Wednesday, August 24, 2016

How To Become a World Class Writer in One Easy Step

Many writers have asked along their journey that age-old question: “How do I know when I’m really a Writer?” The stock answer is, “if you’re writing, you’re a writer”. You don’t have to be published. You just have to be writing.

But it seems like there’s more to it than that. There must be something that designates The Writer. I set out to determine what that certain something is. After extensive and exhaustive research (i.e. I just made it all up, rather like I do the historical facts in my novels), I am ready to present the world with my conclusive findings.

Survey says the Number One Answer is:


Yes, my friends, it’s true. You cannot be a *real* writer unless you have at least one, and preferable several, of these furry, infuriating, mouse-munching mammals that we love to love even while all the time they hate us, wandering about your office, lying provocatively on your keyboard, or batting idly at the quill pen in your hand (depending on your writing style). Much like the old saying “The clothes make the man,” it’s equally true that the cat makes the writer. And evidently the more cats, the better the writer.

I’ll pose a prime example. I know a writer, whom I shan’t name for fear of insulting her cat. I’ll call her Lydia. Lydia began her writing career cat-less. She managed even so to finish a manuscript, centering around glittery unicorn romance. She sent out query after query, to no avail. Glittery unicorn romance, she was told, was passe. Perhaps she'd like to try vampires instead? 

Ah, but our Lydia wasn’t to be defeated. She decided that she’d done enough revisions. Instead she got a cat. Immediately the Unicorn Love Story was snagged by a high-powered agent at a major firm. Three days later the agent sold the book, in a 17-book deal as a pre-empt, to a major publishing house. Lydia was soon rolling in Rolls Royces and basking in bijouterie. Her cat, whom I’ll call Fido just to ensure there is no way you can identify this marvelous creature, ate caviar kibble every day and hired other cats to catch her mice.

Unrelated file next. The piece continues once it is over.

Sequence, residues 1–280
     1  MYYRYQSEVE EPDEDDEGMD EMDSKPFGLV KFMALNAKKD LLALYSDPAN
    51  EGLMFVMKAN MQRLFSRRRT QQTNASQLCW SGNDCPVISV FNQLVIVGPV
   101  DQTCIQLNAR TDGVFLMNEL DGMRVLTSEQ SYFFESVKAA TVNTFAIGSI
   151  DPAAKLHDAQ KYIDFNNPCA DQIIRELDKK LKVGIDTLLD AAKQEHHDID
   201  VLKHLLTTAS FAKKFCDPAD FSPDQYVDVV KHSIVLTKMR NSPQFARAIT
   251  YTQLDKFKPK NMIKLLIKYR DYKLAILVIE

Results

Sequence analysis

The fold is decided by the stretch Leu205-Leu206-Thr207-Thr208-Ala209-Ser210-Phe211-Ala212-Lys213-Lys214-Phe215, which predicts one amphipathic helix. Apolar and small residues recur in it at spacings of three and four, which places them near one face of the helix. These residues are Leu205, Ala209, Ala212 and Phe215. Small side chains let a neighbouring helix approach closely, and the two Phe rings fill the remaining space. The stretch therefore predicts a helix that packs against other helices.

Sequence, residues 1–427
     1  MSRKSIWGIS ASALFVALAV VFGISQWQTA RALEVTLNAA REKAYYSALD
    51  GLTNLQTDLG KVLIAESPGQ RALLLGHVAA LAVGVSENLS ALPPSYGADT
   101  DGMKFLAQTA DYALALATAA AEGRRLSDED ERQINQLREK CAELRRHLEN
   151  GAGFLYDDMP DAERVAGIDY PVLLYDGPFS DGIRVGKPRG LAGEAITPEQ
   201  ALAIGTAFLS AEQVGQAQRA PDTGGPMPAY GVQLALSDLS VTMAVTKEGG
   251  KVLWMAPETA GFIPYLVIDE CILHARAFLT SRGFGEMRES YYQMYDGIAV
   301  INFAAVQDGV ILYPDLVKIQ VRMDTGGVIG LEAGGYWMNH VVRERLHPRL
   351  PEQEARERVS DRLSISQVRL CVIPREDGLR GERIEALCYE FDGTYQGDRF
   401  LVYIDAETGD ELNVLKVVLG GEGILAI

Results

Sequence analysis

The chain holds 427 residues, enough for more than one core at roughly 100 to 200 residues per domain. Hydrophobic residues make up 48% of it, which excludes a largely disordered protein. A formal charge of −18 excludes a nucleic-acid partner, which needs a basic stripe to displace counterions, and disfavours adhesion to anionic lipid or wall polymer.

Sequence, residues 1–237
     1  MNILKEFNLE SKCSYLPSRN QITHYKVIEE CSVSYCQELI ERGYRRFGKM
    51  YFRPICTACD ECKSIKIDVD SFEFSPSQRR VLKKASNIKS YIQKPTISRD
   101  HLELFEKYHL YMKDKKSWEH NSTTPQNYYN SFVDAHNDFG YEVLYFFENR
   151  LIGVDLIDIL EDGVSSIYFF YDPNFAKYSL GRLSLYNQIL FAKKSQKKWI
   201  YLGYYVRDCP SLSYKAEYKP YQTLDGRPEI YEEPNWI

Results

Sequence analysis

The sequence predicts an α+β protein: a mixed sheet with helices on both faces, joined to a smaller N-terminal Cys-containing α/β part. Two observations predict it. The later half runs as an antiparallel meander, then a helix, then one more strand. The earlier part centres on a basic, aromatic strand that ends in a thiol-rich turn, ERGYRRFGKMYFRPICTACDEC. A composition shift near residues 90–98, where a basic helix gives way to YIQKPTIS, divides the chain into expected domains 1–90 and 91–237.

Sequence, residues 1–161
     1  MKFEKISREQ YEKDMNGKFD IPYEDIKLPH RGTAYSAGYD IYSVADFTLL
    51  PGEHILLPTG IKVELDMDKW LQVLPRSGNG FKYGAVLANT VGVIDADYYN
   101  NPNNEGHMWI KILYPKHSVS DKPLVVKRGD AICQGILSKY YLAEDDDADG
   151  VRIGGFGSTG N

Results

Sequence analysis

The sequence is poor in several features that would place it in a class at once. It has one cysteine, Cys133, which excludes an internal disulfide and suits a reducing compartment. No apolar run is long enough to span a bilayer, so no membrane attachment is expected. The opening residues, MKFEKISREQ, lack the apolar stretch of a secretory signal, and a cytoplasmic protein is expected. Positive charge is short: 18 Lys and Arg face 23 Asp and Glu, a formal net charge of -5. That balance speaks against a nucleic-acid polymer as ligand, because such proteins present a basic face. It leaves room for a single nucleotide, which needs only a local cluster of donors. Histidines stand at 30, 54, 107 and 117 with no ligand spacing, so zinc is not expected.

Now Lydia decided that, since she was on a roll, she’d add to her collection. She acquired, by means unknown and best left unexplored, three more of the wonderful creatures we call cat. And look what happened.

Lydia didn’t even have to write another book. Publishers, hearing of her coup, simply loaded up wheelbarrows filled with cash and had them delivered to Lydia’s doorstep. Several, seeing which way the wind was blowing, bestowed upon her gifts of solid gold litter boxes. Lydia’s fame and fortune grew and grew, rather like a particularly pesky hairball.

But alas for poor Lydia. The cats, being the fickle creatures that they are, deserted her. Now she’s back to querying her latest manuscript, a literary novel entitled “Angels, Come Home”, and haunting the pet stores to find just that special cat which will catapult her back to the top of the literary litter box once more.

So as you pursue your vocation of writing the great American novel, make sure you understand that knowing the basics of grammar, style, and voice will only get you so far. But a good cat can take you right to the NYT’s Best Seller List.

In closing, I’ll leave you with just a bit more of my research results. Based on the type of genre fiction you write, here are some examples of the type of cat you should endeavor to have acquire you:

Hard-Boiled Mystery  --  A randy Tom who prowls the night-time fences
Pirate Peril  – A one-eyed mouser with a penchant for a little ‘nip.
Romance – A slinky Siamese.
Kinky Romance – Two slinky Siamese.
Cozy Mystery – A fluffy calico.
Fantasy -- A Cheshire cat.
Paranormal Romance - A Chesire Siamese

Keith W. Willis is the author of the fantasy/adventure novel Traitor Knight. He once had a cat, but is no longer so blessed. This may explain a lot of things. You can contact Keith at Writing@Knight.